#3) In addition to the HBO Max move, your production also had to deal with the COVID-19 pandemic. How did you adapt? 

Greg: It could be challenging. But our transition was relatively seamless. We lost some time figuring out a new method of recording our actors, but we caught up.

Brandon: Without the soundproof booths at recording studios, many of our actors recorded from home in the best soundproof environments they could find or create. Through video chats, where we provide acting notes, we saw many, many actors in closets!

Greg: Breaking our last few stories without the benefit of my office’s immense floor-to-ceiling bulletin board also required a learning curve, but we managed.

Brandon: The video chat meetings proved efficient for getting art done, but we really missed interacting with our crew in person. Thanks to their dedication to the show, from both our WB team in LA and our animators at Studio Mir in Korea, everyone pushed through all those COVID/work-from-home challenges to bring their A game, and Young Justice has never looked better!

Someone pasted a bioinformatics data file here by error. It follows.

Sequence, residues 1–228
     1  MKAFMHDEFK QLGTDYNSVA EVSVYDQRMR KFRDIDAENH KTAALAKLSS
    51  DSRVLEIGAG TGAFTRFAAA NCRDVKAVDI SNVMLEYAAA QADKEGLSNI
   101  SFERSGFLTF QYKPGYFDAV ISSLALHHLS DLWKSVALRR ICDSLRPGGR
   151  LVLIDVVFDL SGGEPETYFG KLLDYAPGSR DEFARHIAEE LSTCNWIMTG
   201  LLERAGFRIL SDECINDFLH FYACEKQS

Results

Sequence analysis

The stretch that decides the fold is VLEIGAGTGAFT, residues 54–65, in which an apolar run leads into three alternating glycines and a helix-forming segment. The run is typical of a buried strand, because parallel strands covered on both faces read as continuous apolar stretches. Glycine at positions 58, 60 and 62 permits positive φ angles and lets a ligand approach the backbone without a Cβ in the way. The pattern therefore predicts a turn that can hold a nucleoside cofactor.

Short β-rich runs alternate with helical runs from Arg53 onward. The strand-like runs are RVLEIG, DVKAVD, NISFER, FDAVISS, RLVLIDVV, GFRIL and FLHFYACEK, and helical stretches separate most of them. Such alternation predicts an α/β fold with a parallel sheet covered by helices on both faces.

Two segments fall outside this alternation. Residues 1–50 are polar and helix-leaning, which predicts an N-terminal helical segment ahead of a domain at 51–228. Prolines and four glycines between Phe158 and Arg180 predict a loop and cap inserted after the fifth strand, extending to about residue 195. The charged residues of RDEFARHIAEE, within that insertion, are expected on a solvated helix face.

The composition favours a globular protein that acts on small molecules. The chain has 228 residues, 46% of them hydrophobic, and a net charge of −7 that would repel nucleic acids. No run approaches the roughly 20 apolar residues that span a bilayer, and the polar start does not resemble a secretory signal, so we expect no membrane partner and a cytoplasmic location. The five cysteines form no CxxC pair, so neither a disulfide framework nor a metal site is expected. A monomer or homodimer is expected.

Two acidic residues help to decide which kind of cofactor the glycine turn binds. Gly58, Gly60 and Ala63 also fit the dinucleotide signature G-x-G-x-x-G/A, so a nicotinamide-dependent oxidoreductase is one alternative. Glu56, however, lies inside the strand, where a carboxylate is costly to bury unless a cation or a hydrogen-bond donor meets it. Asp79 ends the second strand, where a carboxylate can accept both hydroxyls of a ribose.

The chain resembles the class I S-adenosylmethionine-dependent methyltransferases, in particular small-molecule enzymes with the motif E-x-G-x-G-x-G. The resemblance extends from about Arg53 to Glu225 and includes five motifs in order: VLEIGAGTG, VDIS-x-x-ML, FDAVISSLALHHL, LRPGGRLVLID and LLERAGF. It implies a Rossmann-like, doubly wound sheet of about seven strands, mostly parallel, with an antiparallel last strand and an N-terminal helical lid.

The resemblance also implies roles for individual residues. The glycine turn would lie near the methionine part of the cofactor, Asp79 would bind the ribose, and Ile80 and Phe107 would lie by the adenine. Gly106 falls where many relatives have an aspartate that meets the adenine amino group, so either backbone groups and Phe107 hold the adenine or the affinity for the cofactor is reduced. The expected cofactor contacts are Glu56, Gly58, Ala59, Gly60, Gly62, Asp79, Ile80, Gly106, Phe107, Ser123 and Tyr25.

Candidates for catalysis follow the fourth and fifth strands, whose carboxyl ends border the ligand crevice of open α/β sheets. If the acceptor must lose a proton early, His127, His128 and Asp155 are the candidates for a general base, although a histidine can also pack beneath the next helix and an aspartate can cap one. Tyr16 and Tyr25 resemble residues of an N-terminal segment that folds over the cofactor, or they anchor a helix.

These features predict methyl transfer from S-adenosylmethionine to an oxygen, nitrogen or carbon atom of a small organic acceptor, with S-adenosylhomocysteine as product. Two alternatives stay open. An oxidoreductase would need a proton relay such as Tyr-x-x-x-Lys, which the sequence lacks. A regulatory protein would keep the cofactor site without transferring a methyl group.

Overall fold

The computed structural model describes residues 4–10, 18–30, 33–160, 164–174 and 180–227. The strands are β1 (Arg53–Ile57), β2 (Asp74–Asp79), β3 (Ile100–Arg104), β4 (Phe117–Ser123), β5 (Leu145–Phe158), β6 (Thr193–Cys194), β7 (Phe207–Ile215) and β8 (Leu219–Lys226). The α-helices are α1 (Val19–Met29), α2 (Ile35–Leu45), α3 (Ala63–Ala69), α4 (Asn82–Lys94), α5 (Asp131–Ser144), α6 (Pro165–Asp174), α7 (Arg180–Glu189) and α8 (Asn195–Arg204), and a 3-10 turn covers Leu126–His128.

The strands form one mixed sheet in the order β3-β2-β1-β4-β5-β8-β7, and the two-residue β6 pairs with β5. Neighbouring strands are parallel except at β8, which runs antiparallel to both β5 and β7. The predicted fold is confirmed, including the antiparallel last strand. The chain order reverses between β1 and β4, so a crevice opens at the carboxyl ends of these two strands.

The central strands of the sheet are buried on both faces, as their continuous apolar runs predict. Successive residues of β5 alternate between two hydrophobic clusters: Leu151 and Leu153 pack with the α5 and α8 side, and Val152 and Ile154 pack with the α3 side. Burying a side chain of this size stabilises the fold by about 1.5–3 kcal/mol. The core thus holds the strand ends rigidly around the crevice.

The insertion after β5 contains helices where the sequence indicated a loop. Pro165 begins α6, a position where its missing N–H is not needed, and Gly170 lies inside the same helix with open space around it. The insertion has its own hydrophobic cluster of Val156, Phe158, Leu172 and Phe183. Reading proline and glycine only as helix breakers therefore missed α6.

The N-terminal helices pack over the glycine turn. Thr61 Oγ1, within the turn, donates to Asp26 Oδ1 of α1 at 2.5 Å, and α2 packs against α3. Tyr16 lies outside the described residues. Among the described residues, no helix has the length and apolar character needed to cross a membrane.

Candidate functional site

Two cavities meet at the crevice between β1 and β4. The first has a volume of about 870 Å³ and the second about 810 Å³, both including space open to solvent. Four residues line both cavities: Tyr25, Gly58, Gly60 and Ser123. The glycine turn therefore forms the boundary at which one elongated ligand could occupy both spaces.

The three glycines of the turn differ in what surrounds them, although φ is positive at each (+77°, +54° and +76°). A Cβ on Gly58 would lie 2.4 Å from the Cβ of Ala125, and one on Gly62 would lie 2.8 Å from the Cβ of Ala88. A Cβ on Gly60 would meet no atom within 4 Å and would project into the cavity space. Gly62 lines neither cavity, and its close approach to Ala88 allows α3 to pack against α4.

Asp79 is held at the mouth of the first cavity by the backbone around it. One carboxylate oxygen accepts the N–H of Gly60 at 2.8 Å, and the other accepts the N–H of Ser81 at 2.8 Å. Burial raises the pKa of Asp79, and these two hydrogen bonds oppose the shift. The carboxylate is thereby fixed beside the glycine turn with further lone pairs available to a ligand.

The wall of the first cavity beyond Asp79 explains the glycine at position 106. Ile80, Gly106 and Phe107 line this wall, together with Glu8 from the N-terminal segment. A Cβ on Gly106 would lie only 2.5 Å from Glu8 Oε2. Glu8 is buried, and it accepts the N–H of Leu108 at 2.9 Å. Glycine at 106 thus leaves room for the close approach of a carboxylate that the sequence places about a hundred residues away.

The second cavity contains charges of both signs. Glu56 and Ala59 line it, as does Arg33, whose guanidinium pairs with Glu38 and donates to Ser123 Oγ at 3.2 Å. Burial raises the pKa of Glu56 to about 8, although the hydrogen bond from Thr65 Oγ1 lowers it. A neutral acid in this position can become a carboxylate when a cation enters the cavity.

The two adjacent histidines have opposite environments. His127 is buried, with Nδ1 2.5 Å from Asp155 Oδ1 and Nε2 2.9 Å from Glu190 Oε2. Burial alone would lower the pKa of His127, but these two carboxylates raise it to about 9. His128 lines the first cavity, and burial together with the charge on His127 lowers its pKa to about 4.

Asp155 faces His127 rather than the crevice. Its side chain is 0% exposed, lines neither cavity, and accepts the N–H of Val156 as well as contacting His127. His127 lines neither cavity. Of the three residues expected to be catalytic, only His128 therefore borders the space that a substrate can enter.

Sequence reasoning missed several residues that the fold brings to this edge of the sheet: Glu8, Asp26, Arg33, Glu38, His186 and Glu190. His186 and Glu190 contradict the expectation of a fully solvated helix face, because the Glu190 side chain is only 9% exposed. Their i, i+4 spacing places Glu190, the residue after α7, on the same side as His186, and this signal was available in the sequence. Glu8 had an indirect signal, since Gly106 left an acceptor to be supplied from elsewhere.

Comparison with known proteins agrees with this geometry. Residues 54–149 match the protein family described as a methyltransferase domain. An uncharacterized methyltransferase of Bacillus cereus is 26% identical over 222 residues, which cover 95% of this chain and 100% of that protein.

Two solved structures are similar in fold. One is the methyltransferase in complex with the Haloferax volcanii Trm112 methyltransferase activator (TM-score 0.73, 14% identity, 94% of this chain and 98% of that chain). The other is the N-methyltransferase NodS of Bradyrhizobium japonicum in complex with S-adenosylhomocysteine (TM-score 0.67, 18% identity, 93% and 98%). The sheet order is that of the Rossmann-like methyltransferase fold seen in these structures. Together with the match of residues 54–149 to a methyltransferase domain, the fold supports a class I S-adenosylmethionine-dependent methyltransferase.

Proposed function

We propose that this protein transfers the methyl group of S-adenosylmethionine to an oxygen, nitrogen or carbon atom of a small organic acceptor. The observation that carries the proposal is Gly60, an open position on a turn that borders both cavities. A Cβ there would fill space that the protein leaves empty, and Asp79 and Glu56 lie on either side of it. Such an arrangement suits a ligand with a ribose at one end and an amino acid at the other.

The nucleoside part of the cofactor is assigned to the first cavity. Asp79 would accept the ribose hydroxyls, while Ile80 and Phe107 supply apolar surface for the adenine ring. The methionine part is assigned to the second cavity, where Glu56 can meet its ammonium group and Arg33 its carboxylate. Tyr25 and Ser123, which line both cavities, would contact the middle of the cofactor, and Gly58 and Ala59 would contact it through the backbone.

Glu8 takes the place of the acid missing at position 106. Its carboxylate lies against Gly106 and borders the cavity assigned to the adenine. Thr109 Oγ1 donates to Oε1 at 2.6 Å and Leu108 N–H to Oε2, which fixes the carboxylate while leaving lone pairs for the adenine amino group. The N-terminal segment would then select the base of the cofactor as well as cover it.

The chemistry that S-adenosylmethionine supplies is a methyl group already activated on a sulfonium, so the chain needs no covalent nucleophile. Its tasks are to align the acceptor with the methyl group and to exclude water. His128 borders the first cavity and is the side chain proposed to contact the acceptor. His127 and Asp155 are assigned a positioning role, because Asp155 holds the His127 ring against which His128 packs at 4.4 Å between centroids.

#4) What are some of the lessons you learned from producing Young Justice: Outsiders, and how did you take those into Young Justice: Phantoms?

Greg: The world of producing animation internationally has changed with the increase in production. Getting the best work from overseas studios required us to rethink a bit how we delivered content and how to be better partners.

Brandon: There’s a pretty competitive market to find great artists locally as well because of the current animation boom. So, knowing that whatever we write must be drawn, we strive to balance the complex stories we’re known for against the goal of giving our artists the room they need to do their best work without overworking them. As each new story is produced, we’re constantly pivoting and adjusting as we strive to hit that goal. From season to season, learning how to do this never stops, but hopefully we get better at it each time. 

#5) This season has a new opening theme sequence that the fans absolutely love. Can you walk us through how you put it together?

Greg: There was a desire to get back to our core characters, the season one team, in essence. So, we asked our Model Supervisor, Dou Hong, to draw our leads while our Art Director of Motion Graphics, Matt Girardi, and his team put together some slick visuals to accompany Dou’s art.